The system developed by NEXT Testing in 2006, and first used by hockey players two years later, consists of speed tests administered by HockeyTech, which provides the results to the hockey team. The solution employs IR sensors that send 34 beams across sections of an ice rink, Mosher says, and detect each time a player passes through a given beam, and thus how quickly he is moving in any specific direction. NEXT Testing’s founders also wanted the testing system to provide anonymity, so that each player’s performance could be measured without those viewing the test results knowing that individual’s name. This ensured that no human-based biases could occur if coaches and others making team selections knew the names of the competing teens. To accomplish this goal, they sought an automated method of collecting an ID for each player without including his name on the results.

When a player prepares to take a test—such as the one offered at the North Bay Battalion Development Weekend at Memorial Gardens, in North Bay—he provides his name and other identifying information, such as the club for which he plays. The teen receives a wristband containing an embedded low-frequency (LF) 134 kHz RFID tag from Texas Instruments. The reusable wristband’s ID number is linked to that player’s name in the NEXT Testing software, and his name is not viewed again until the highest performing players are selected for the team.

In general, the NEXT Testing service begins by having players watch a video describing the 14 tests they will undergo on the ice. Then, one at a time, each player proceeds to a Texas Instruments reader, mounted at a gate to the rink, and taps his wristband near it. The reader captures the bracelet’s ID and forwards that information to the computer running the NEXT Testing software. The player then awaits a green light above the gate, opens the gate and skates onto the rink. NEXT Testing personnel instruct him through the 14 tests, and the IR sensors capture the speed and accuracy at which he skates, by determining how fast and how accurately he reached the proper spot on the rink. Those results are paired with the RFID tag in his wristband.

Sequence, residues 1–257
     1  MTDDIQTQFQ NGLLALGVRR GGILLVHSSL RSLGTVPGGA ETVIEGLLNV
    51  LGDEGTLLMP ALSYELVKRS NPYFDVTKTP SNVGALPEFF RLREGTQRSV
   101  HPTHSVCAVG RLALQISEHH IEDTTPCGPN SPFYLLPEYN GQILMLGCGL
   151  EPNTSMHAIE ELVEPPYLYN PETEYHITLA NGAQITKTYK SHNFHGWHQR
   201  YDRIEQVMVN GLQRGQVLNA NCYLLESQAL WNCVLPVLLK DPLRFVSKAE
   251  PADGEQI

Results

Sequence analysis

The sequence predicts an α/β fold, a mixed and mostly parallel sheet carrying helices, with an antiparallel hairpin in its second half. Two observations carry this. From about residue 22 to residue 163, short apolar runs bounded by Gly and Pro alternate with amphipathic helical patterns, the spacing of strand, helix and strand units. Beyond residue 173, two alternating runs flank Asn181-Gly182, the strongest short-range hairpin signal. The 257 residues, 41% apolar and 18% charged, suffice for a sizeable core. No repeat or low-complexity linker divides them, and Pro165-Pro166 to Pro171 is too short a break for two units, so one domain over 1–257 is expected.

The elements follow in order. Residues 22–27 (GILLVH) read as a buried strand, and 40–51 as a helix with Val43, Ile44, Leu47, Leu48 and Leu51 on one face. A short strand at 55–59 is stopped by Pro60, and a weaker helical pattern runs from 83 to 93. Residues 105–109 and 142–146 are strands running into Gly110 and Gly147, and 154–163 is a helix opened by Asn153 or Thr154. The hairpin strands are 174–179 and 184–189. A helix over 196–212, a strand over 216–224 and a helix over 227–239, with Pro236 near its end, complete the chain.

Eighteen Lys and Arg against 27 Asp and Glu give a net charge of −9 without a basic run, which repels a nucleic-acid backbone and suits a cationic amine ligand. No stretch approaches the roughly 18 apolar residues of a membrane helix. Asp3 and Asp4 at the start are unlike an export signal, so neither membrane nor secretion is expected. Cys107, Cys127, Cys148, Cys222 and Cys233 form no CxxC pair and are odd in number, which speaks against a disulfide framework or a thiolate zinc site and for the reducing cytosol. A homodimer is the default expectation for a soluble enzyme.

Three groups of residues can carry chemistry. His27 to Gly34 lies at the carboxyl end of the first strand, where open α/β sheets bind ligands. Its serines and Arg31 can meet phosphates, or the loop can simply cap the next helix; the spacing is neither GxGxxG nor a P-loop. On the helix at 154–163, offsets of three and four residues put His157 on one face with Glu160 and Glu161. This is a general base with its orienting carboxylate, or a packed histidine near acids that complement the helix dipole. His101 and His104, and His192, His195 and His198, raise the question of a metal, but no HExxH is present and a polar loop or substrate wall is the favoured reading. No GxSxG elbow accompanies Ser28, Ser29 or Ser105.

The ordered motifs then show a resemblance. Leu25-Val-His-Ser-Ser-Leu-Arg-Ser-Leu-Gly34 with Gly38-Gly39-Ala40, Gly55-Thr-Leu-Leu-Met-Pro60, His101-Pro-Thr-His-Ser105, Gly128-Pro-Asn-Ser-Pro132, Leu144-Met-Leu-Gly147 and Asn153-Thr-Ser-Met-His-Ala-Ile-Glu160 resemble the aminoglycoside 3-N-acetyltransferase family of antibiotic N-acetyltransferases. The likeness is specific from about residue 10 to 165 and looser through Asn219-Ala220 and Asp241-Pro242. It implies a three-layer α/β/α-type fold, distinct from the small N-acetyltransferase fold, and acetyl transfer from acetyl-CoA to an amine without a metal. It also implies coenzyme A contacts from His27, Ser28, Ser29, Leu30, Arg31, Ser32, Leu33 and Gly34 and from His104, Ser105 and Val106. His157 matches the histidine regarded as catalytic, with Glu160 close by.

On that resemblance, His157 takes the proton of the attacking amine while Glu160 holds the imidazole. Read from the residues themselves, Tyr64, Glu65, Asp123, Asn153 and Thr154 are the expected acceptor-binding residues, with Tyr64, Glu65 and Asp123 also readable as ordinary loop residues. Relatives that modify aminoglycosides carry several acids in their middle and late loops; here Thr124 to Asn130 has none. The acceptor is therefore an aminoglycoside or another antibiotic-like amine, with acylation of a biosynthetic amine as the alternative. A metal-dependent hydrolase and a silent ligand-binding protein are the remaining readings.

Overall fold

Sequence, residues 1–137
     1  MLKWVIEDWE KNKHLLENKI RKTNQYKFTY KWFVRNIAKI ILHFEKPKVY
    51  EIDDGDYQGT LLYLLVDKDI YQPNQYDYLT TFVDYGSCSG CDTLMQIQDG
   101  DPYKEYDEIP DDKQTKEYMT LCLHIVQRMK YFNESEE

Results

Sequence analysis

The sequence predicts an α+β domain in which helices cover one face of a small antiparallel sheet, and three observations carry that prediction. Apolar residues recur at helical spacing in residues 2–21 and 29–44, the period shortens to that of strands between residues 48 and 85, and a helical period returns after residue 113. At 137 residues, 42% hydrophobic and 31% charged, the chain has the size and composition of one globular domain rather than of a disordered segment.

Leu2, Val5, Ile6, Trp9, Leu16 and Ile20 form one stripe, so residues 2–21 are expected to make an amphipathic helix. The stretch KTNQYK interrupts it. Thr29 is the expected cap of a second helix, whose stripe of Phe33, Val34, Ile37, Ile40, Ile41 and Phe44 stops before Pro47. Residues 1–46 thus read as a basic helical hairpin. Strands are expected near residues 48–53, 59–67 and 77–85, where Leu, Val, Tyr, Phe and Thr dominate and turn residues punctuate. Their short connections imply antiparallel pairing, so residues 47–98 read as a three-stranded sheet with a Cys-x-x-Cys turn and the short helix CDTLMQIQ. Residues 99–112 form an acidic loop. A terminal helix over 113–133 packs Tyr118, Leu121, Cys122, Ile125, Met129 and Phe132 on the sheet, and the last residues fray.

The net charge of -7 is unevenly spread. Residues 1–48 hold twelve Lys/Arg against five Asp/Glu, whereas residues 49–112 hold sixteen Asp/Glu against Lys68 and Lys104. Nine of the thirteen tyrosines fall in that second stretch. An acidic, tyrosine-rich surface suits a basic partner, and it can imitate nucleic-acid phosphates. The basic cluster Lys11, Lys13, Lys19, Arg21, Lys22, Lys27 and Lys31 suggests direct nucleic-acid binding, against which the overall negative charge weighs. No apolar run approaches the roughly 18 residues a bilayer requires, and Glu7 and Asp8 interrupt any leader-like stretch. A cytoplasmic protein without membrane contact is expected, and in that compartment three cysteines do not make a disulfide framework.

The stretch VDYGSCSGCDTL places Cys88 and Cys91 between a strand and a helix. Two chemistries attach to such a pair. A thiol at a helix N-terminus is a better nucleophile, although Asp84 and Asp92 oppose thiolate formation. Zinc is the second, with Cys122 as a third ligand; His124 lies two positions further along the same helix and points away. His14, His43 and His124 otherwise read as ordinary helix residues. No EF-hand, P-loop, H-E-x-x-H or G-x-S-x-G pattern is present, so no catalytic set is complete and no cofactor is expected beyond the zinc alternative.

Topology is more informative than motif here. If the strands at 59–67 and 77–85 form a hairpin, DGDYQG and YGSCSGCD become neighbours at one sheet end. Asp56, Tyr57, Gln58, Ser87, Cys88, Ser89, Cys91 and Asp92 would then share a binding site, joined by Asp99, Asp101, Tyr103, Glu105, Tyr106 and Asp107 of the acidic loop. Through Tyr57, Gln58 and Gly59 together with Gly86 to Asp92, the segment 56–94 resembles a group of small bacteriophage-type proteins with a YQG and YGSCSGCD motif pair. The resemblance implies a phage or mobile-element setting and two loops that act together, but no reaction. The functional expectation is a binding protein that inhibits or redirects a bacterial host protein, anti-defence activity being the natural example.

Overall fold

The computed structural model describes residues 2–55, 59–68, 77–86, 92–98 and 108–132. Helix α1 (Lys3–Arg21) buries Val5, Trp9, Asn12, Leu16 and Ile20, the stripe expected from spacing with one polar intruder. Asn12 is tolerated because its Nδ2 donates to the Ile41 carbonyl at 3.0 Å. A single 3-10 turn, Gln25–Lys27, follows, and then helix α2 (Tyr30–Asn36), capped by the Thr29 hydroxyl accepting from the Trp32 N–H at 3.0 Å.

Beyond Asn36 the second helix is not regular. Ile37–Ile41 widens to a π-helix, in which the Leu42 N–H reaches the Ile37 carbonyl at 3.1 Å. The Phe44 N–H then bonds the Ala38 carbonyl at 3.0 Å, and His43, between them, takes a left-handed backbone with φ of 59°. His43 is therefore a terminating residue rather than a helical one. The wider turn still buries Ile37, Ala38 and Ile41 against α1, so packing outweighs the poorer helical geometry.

Once Team NOHA’s coaches finished reviewing all of the test results during the North Bay Battalion Development Weekend, they selected the highest performers. The software linked the RFID numbers to the names of those players, who could then be informed of their status.

Mosher says that prior to being acquired by HockeyTech, NEXT Testing considered using bar-code scans as the identifying function of the solution, rather than radio frequency identification. However, he adds, RFID was deemed more reliable and easier to read, and the wristbands could be reused. Sometime after being acquired by HockeyTech in 2013, NEXT Testing ceased offering its testing service for approximately one year. However, once NOHA gives its approval, Mosher expects the testing service will be used by hundreds of minor midget players. The NOHA-affiliated teams are organized annually, and testing takes place once each year. For performance evaluation, a player could use the technology to measure his reaction times during practice sessions, and he and his coaches could review the results and compare them against previous findings, or determine areas in which he is strongest or weakest.

The testing information will not only be used by NOHA. NHL teams, for instance, can request the testing results from HockeyTech, and review a particular team member’s results throughout the course of his three years with Team NOHA.